Do you love the colorful trees of fall but dread the aftermath? All of those heaps and bags of leaves can seem never ending. Instead of hauling them to the curb, its easy to compost leaves so they can benefit next year’s garden. Here’s where to begin:
Why leaves make great compost
Trees pull nutrients from deep beneath the surface and many of those nutrients end up in their leaves. Adding those leaves to your compost pile ensures that your compost will contain nutrients that garden plants can’t typically reach on their own.
Many of the ‘ingredients’ commonly used in making compost are high in nitrogen. These include kitchen scraps, manure, grass clippings, and similar moist green materials. Leaves are high in carbon and help balance out all of that nitrogen. Other high carbon materials include shredded paper, sawdust, wood chips, straw, hay, and dried grass.
According to experts at Cornell University, you should aim for about 30 parts carbon to every part nitrogen by weight.
How to compost leaves
Adding freshly shed whole leaves to your leaf compost pile or bin will likely create a matted, slimy mess that takes a long time to turn into usable compost. Normally, composting is an aerobic process where oxygen-loving bacteria and other microbes break down organic materials. When wet materials become matted in layers, anaerobic bacteria take over. They do the same job but in a totally different (and very smelly) way.
The way to avoid anaerobic decomposition is to chop large, generally flat leaves into much smaller pieces using a lawnmower or leaf shredder. That way the leaves can’t mat as easily and you’ve given the microbes a lot more surface area on which to get to work. You’ll also reduce those massive volumes of whole leaves into a much more manageable amount.
Leaves as mulch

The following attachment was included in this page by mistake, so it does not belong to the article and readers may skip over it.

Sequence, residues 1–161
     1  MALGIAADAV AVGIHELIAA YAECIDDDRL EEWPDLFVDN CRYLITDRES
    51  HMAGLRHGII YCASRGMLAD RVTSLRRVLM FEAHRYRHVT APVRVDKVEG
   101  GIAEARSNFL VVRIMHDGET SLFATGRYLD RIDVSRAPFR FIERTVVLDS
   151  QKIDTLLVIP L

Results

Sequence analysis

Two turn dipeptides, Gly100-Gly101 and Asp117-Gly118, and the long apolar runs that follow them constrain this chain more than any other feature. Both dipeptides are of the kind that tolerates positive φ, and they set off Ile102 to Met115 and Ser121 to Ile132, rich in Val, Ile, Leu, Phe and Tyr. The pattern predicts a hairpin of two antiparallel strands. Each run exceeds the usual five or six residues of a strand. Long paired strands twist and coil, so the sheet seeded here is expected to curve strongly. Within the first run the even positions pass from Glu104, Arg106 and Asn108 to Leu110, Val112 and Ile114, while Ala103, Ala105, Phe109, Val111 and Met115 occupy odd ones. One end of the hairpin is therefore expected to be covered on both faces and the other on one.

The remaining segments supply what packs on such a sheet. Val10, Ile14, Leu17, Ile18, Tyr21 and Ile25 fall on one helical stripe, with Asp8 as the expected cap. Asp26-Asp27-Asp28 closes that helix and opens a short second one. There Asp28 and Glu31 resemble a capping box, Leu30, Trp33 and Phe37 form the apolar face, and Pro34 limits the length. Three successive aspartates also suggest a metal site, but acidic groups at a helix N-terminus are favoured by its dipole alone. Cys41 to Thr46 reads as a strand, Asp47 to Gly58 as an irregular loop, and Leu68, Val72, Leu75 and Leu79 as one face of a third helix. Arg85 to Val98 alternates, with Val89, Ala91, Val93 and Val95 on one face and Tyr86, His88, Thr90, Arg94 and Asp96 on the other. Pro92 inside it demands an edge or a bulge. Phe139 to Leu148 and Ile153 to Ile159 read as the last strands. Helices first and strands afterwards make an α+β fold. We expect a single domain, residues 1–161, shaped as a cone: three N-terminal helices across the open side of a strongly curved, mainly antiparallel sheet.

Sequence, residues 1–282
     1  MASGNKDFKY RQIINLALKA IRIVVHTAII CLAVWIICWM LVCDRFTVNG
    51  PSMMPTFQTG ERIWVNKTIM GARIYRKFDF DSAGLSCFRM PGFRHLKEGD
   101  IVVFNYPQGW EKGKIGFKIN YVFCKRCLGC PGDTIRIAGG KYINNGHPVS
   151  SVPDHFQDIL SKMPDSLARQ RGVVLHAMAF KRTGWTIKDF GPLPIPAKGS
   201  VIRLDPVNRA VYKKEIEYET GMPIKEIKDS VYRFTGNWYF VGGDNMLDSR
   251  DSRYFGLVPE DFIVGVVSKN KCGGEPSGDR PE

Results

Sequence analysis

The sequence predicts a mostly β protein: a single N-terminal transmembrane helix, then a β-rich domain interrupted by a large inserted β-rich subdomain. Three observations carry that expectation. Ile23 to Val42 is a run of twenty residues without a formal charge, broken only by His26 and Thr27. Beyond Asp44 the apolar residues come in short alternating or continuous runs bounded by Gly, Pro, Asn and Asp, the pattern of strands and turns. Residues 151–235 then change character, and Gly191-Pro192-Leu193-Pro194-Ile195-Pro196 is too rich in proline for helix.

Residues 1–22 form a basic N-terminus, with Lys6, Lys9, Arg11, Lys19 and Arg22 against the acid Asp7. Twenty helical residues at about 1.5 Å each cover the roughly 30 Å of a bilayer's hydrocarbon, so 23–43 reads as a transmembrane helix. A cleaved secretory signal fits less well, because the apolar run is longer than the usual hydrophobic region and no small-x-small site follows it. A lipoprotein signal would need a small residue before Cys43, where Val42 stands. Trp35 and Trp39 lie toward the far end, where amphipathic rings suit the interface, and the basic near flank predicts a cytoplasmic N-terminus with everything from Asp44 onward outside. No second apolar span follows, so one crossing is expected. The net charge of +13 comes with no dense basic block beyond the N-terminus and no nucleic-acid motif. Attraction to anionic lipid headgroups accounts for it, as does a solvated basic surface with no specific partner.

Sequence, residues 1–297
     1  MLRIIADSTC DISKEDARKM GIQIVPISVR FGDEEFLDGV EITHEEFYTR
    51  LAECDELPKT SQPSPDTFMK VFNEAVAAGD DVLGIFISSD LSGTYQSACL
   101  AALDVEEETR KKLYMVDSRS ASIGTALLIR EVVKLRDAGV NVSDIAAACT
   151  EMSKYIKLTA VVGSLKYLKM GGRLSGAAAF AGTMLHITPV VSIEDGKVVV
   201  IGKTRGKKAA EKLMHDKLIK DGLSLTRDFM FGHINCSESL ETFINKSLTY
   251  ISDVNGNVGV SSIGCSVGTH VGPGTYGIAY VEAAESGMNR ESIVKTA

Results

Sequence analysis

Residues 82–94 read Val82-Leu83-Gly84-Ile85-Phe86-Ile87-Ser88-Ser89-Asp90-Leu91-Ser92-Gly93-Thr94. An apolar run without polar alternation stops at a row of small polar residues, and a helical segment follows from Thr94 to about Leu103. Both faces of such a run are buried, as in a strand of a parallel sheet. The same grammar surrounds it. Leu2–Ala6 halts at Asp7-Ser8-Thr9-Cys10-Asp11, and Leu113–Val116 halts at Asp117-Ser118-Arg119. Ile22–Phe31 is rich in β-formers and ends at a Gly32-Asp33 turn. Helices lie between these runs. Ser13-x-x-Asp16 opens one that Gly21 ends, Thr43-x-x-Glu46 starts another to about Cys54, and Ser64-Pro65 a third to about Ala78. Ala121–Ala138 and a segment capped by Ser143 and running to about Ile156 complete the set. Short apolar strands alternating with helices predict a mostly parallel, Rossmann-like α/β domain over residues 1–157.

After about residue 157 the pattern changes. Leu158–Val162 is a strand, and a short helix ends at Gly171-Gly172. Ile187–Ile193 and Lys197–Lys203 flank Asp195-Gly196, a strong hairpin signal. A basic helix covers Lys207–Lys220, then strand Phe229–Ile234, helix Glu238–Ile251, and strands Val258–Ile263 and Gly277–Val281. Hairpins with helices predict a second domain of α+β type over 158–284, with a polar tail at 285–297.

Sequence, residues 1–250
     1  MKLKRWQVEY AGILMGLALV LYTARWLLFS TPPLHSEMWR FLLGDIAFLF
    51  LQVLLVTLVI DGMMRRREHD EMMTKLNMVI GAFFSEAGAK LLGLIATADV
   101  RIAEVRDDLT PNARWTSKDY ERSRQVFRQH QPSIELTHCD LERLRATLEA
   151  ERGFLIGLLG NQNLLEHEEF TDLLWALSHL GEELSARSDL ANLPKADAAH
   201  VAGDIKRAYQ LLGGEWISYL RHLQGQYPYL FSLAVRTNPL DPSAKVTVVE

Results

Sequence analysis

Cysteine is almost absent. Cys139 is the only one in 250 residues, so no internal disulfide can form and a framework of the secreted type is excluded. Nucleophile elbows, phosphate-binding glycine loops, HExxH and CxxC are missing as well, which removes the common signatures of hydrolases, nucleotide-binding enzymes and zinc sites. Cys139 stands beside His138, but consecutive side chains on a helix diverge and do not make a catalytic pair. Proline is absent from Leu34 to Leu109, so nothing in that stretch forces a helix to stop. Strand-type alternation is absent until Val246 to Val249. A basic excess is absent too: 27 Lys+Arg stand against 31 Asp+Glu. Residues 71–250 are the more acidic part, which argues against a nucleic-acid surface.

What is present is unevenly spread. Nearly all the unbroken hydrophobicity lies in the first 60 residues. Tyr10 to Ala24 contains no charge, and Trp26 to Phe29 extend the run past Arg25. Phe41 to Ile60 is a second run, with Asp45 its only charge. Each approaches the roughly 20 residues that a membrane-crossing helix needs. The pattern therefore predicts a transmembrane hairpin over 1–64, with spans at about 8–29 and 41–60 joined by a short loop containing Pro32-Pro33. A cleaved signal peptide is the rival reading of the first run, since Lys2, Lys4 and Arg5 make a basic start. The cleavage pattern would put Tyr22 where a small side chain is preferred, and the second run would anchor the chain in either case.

Chopped leaves tend to stay put better than whole leaves since there’s less surface area for the wind to catch. Whole fresh leaves that don’t blow away will mat down and create a barrier that’s impermeable to water and air. That isn’t good for the plants you’re trying to protect!
According to garden writer David Beaulieu, “Leaf mulch is just leaf compost waiting to happen.” That’s why it’s a good idea to store bags of dry leaves in a shed or lean-to until spring. As long as they’re dry and crackly before you bag them, and stay dry in storage, they’ll be ready for mulching your flower beds and garden next spring. Storing moist leaves in ventilated black plastic bags will produce mulch in the form of rich, moist leaf mold. Why not try a few bags of each?
What to avoid when using leaves as mulch
Some leaves contain toxins that keep other plants at bay or even kill them. Not something you want to use in your planting beds! For this reason, don’t use leaves from black walnut trees in your vegetable garden. Butternuts, hickories, pecans, and English walnuts also contain the juglone toxin.
Insulating plants with leaves
A thick layer of insulating leaves can protect plants from erratic temperature changes in the winter. Even plants that are perfectly hardy in your growing zone can die if they’re tricked into breaking dormancy too early by a warm spell or if you suffer unusually cold temperatures. Leaves will help keep them uniformly cold throughout the winter.
For perennials that aren’t reliably hardy in your area, a warm blanket of insulating leaves can be the difference between life and death. Pile the leaves thickly around, between, and over them. It helps to create a temporary wire fence that will hold the leaves in place.
Frost-tender perennials will need more care to survive. Put a thick layer of leaves in the bottom of a plastic tote or sturdy cardboard box. Add pots of tender perennials that are dormant, packing more leaves around and between them. Then cover everything with as many chopped compost leaves as you can and seal it up. Place in an unheated garage or shed where they will stay cool and dry. Just don’t forget to unpack them next spring!
Composted leaves benefit next year’s garden
Leaves will attract earthworms that will help break the leaves down into beneficial leaf mold. As an added bonus, the worms will till your soil into the loose, friable mixture plant roots love! Leaf mold and compost help create the perfect garden soil: nutrient-rich, loose, friable, and well drained. It’s also an attractive, moisture-retentive mulch.
You’ll have even more reason to enjoy those gorgeous autumn leaves now that you know how beneficial they’ll be in your garden!
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